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Gift exchange can partially mitigate supply-side moral hazard, even in anonymous market interactions. In a market where quality is not fully contractable, the amount that a price exceeds the market-clearing price for the lowest quality is a gift from the buyer. We show that the gift formation process, inextricably linked with a market institution’s price formation process, greatly influences the size and effectiveness of the gift. When the market institution dictates that prices are formed by bids posted by buyers, the gift is extended to the seller. When the market institution dictates that prices are formed by offers posted by sellers, the gift is suggested by the seller. We conjecture that extended gifts do not instill as strong a concern for the material welfare of the other party as suggested gifts. We show in experiments that this effect is quite profound in both monopsonist and thick markets. Posted offer markets generate higher prices, in turn larger gifts, and higher levels of product quality than posted bid ones. In addition, the posted offer institution generates a higher quality given the price, rather than simply generating higher prices. Both sides of the market obtain higher payoffs under posted offer institutions.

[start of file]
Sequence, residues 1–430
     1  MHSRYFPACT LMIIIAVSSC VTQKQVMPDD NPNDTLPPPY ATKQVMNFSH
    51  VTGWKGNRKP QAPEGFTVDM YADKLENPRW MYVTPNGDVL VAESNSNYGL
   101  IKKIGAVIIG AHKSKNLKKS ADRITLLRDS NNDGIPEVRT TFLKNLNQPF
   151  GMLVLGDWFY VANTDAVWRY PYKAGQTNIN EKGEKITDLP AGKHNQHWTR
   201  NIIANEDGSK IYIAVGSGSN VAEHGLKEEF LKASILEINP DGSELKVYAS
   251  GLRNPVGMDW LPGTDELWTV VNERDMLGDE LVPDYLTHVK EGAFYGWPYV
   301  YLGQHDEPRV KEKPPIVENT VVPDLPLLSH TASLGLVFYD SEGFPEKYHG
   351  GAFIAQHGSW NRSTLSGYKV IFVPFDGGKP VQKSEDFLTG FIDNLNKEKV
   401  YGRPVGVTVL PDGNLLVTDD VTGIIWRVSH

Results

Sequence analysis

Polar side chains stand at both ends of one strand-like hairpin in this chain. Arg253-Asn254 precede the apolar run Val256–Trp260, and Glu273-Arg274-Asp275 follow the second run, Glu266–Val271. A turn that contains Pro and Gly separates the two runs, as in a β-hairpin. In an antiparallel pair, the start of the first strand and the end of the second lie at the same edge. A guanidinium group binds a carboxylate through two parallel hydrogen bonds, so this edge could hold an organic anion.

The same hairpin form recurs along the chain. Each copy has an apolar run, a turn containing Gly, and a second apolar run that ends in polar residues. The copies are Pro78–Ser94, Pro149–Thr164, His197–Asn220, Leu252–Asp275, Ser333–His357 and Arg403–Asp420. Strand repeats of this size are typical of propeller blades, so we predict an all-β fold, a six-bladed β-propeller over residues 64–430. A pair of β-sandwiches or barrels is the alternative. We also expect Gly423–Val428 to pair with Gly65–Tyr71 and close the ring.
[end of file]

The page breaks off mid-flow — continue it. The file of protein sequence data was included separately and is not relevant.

ESI Working Paper 23-11



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